(last updated on September 20, 2014)
I was on Amazon buying bulk cat litter for my ScoopAway litter tray, and stumbled across a merchant selling a “set of 100 different world banknotes” for $29.95. I have been thinking about collecting engraving and decorative papers as inspiration for making “productivity bucks” for an as-yet-to-be-determined use (“it would be cool!”)…
A few weeks later, a zip-lock bag filled with 100 different banknotes of various Eastern European, Southeast Asian, and Central/South American vintage arrived in the mail. I brought it to the Nashua Jelly, and a few of us spent the day identify the banknotes that didn’t have any English written on them. The most mysterious of all was the one with an old image of Jesus on it from the disputed enclave of Nargorno-Karabakh, which is somewhere near Armenia, which is somewhere, uh, well, I’ll look it up later.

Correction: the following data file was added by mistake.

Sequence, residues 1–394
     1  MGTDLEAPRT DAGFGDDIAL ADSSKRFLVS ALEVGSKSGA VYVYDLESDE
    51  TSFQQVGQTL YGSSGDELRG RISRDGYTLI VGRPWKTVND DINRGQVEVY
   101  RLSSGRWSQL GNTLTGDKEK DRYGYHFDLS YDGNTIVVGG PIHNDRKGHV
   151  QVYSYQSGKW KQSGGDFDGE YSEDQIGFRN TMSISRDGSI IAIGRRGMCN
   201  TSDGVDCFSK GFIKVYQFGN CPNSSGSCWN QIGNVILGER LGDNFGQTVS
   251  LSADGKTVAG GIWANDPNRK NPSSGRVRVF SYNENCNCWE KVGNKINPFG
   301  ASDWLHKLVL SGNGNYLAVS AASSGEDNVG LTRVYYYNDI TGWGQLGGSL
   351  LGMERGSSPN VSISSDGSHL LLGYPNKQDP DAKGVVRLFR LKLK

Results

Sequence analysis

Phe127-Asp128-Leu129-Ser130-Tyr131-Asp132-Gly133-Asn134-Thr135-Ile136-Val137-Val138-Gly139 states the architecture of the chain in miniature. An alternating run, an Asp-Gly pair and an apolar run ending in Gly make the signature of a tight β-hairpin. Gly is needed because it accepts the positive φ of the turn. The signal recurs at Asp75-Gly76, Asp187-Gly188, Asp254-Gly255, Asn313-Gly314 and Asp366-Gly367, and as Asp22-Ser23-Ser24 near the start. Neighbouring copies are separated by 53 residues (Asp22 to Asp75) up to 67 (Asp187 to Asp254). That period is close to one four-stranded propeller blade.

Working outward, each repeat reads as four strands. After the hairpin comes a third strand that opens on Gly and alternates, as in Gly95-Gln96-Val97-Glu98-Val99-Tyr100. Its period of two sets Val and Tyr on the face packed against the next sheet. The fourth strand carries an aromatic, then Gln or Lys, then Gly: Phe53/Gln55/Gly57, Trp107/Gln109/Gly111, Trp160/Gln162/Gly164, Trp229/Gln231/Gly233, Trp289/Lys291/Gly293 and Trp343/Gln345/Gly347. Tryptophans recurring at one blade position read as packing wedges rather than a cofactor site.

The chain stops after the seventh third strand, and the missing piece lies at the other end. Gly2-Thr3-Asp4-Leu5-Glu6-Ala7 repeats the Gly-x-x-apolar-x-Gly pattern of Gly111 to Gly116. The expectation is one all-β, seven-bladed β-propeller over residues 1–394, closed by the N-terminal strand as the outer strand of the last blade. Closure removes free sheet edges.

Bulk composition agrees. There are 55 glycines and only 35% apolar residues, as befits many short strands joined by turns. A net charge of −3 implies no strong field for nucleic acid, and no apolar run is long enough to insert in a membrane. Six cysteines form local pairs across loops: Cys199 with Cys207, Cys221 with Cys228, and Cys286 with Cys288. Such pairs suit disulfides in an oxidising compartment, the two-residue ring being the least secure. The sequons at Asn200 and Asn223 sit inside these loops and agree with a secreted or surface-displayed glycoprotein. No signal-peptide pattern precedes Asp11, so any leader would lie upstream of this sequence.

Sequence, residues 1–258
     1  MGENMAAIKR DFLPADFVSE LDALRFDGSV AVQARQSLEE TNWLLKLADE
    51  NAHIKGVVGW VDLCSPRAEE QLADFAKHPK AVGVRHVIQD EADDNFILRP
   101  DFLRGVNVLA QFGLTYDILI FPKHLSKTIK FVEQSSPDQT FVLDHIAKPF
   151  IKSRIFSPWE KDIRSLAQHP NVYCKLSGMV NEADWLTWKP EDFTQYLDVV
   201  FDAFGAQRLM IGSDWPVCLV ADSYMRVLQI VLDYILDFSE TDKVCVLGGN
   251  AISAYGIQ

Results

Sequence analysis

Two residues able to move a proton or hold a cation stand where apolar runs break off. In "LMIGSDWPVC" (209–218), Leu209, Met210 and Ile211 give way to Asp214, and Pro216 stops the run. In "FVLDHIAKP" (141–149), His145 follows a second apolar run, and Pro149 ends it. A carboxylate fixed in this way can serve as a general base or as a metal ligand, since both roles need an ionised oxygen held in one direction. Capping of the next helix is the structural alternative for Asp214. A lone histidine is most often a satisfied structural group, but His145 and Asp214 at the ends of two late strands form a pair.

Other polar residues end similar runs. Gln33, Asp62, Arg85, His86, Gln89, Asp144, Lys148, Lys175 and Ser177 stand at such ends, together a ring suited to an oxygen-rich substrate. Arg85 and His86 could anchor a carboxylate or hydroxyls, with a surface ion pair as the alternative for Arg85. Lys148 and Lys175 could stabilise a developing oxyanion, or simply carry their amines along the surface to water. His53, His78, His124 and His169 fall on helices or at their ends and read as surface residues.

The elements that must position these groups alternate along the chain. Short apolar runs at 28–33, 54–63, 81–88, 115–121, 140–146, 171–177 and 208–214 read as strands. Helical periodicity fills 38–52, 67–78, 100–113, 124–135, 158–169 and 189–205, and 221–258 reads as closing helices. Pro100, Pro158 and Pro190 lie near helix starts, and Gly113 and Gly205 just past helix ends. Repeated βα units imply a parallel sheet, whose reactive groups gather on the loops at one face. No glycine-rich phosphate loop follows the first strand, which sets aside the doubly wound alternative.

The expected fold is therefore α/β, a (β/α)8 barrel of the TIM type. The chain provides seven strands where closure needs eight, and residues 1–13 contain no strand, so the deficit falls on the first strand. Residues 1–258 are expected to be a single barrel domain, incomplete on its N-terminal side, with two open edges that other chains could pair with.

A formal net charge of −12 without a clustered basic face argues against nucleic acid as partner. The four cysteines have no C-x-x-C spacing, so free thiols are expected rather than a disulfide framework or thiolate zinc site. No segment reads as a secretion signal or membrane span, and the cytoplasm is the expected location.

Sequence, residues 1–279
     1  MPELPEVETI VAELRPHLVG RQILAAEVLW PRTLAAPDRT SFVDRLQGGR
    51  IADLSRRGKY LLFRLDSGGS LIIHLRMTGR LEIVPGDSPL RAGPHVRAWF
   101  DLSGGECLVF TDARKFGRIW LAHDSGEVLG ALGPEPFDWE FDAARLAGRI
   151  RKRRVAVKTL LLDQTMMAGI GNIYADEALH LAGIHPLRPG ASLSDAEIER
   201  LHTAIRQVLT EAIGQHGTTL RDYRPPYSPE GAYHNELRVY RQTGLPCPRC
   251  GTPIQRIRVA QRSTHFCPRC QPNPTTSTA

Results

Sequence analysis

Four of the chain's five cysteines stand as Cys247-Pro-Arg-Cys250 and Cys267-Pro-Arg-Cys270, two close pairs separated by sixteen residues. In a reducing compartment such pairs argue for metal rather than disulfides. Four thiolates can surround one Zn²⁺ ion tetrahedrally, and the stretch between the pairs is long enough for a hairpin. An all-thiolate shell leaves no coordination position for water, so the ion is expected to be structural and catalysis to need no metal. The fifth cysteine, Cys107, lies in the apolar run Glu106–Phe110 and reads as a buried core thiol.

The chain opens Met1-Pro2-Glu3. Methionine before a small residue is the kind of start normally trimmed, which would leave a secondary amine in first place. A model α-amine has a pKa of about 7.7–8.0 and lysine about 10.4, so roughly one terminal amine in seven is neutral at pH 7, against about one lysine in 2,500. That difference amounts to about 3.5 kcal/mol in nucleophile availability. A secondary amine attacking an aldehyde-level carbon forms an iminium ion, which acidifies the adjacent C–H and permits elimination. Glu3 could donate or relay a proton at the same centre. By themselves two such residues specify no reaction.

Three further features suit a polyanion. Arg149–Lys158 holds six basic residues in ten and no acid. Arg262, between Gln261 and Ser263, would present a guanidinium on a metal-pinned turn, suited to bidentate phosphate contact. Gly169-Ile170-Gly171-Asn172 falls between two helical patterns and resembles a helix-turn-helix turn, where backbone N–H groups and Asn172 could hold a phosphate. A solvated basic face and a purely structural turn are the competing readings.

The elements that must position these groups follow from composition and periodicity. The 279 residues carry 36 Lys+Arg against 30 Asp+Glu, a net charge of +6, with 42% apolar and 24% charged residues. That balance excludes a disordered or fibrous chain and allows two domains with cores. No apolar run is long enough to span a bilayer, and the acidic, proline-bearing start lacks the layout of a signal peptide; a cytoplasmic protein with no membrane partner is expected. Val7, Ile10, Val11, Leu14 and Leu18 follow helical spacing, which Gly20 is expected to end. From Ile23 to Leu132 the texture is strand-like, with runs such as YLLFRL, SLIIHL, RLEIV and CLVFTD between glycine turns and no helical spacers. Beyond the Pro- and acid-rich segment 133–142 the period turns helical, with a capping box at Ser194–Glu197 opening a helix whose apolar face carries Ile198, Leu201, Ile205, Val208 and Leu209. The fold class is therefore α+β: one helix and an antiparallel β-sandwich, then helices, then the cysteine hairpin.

I’m not exactly sure how I’m going to store and sort these notes, so maybe it’s time to browse archival library supply catalogs filled with wondrous odd-sized envelopes and indexing materials. And I actually need to collect examples of paper money that are from first world countries, which weren’t included in my 100 banknote pack because they actually have significant value. It’s a lot of fun to explore countries through their money, because a nation’s currency is in some sense its life blood and EVERYONE sees it. The oldest and most respected of traditions tend to be imbued into their design, and the level of craftsmanship that goes into the making of a banknote to deter counterfeiters makes them marvels of paper engineering and printing. What’s not to like about that?